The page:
President Václav Klaus has issued a statement denying media reports implying that he may have granted a pardon to the former director of a private university earlier this week because she was an “acquaintance” of his wife.
Former Metropolitan University Prague (MUP) director Anna Benešová was convicted last year of bribery, embezzlement and abuse of trust for having stolen from or otherwise deprived that private institution of income totaling more than Kč 6 million.
“[The petition for a pardon] had been lying in my office for many years. From the start, this case seemed to us very strange, and I did not respond to this request until all rounds of the trial were completed,” Klaus wrote Friday on his website. ‘The fact that my wife attended the opening ceremony for an elevator serving the disabled in a building of a university that Mrs Benešová controlled was something I learned today from the article in Lidové noviny.’
“The fact that my wife attended the opening ceremony for an elevator serving the disabled in a building of a university that Mrs Benešová controlled was something I learned today from the article in Lidové noviny.”
The daily had written in its lead story on Friday that the key to understanding why Klaus had granted the former MUP director a form of clemency could be in her relationship to the Czech first lady, Livia Klausová, who had participated in various charity events with Benešová. Both women were also meeting at charity events of Mosty (Bridges) of which Klausova is a patron, the report said.
Earlier, presidential spokesman Radim Ochvat said that in granting the pardon, Klaus took into account Benešová’s need to care for her seriously ill husband and the fact that she had never before been charged with a crime.
However, as she had received a two-year suspended prison sentence, Lidové noviny and other media questioned the rationale behind Klaus’ presidential pardon — as nothing prevented Benešová from looking after her ailing spouse. Marek Bodlák, a state prosecutor in Prague, slammed the decision saying two years of police work, followed by two years of work by the prosecution service had been wasted by the “incomprehensible” decision.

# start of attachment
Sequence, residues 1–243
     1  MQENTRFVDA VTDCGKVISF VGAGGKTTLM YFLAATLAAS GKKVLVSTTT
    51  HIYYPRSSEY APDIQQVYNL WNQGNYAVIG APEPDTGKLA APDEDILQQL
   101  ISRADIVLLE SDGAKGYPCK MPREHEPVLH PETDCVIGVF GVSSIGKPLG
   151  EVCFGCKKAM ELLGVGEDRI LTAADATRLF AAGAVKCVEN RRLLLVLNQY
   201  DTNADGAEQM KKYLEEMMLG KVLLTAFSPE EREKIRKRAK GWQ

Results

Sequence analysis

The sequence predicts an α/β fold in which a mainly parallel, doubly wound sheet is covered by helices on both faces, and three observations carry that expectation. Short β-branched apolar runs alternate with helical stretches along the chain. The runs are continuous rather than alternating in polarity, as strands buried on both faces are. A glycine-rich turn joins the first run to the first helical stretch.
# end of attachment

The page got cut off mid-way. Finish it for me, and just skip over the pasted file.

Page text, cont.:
The suspended sentence, handed down last autumn, also included a four-year probation period and a five-year ban preventing Benešová from working in an administrative role. ‘I thought Mrs Benešová’s existing punishment in the case (restrictions, years of legal proceedings, etc.) to be sufficient.’
“In pardoning her, I also decided given the fact that I thought Mrs Benešová’s existing punishment in the case (restrictions, years of legal proceedings, etc.) to be sufficient,” the Czech president wrote on Friday.
Benešová was found to have allowed dozens of students who were not paying tuition fees to study at the private university and paid bribes to public officials in order to secure favorable rent, purchase public property at below-market price, and secure other advantages for Metropolitan University Prague.
With the granting of the presidential pardon, her criminal record has been wiped clean.